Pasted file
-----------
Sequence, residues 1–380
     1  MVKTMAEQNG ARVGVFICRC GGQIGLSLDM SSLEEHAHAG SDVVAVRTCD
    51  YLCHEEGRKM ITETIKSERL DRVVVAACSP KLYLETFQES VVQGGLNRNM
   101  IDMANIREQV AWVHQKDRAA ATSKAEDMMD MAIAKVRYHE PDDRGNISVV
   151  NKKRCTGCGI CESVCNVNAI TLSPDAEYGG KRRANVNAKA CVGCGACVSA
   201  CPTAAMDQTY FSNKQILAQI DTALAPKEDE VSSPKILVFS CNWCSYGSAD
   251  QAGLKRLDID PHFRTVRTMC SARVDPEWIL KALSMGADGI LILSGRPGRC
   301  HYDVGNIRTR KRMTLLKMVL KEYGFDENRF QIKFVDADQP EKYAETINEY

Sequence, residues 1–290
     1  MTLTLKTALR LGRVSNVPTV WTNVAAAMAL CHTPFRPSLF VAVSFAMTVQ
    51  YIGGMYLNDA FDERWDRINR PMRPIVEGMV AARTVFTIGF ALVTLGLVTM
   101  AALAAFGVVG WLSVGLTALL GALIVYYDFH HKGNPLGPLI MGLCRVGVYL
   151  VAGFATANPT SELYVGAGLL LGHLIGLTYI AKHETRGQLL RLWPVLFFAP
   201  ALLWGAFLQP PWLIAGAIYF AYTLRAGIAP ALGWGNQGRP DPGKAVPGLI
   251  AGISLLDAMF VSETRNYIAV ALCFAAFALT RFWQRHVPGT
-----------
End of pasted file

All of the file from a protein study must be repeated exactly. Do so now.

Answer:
Sequence, residues 1–380
     1  MVKTMAEQNG ARVGVFICRC GGQIGLSLDM SSLEEHAHAG SDVVAVRTCD
    51  YLCHEEGRKM ITETIKSERL DRVVVAACSP KLYLETFQES VVQGGLNRNM
   101  IDMANIREQV AWVHQKDRAA ATSKAEDMMD MAIAKVRYHE PDDRGNISVV
   151  NKKRCTGCGI CESVCNVNAI TLSPDAEYGG KRRANVNAKA CVGCGACVSA
   201  CPTAAMDQTY FSNKQILAQI DTALAPKEDE VSSPKILVFS CNWCSYGSAD
   251  QAGLKRLDID PHFRTVRTMC SARVDPEWIL KALSMGADGI LILSGRPGRC
   301  HYDVGNIRTR KRMTLLKMVL KEYGFDENRF QIKFVDADQP EKYAETINEY

Sequence, residues 1–290
     1  MTLTLKTALR LGRVSNVPTV WTNVAAAMAL CHTPFRPSLF VAVSFAMTVQ
    51  YIGGMYLNDA FDERWDRINR PMRPIVEGMV AARTVFTIGF ALVTLGLVTM
   101  AALAAFGVVG WLSVGLTALL GALIVYYDFH HKGNPLGPLI MGLCRVGVYL
   151  VAGFATANPT SELYVGAGLL LGHLIGLTYI AKHETRGQLL RLWPVLFFAP
   201  ALLWGAFLQP PWLIAGAIYF AYTLRAGIAP ALGWGNQGRP DPGKAVPGLI
   251  AGISLLDAMF VSETRNYIAV ALCFAAFALT RFWQRHVPGT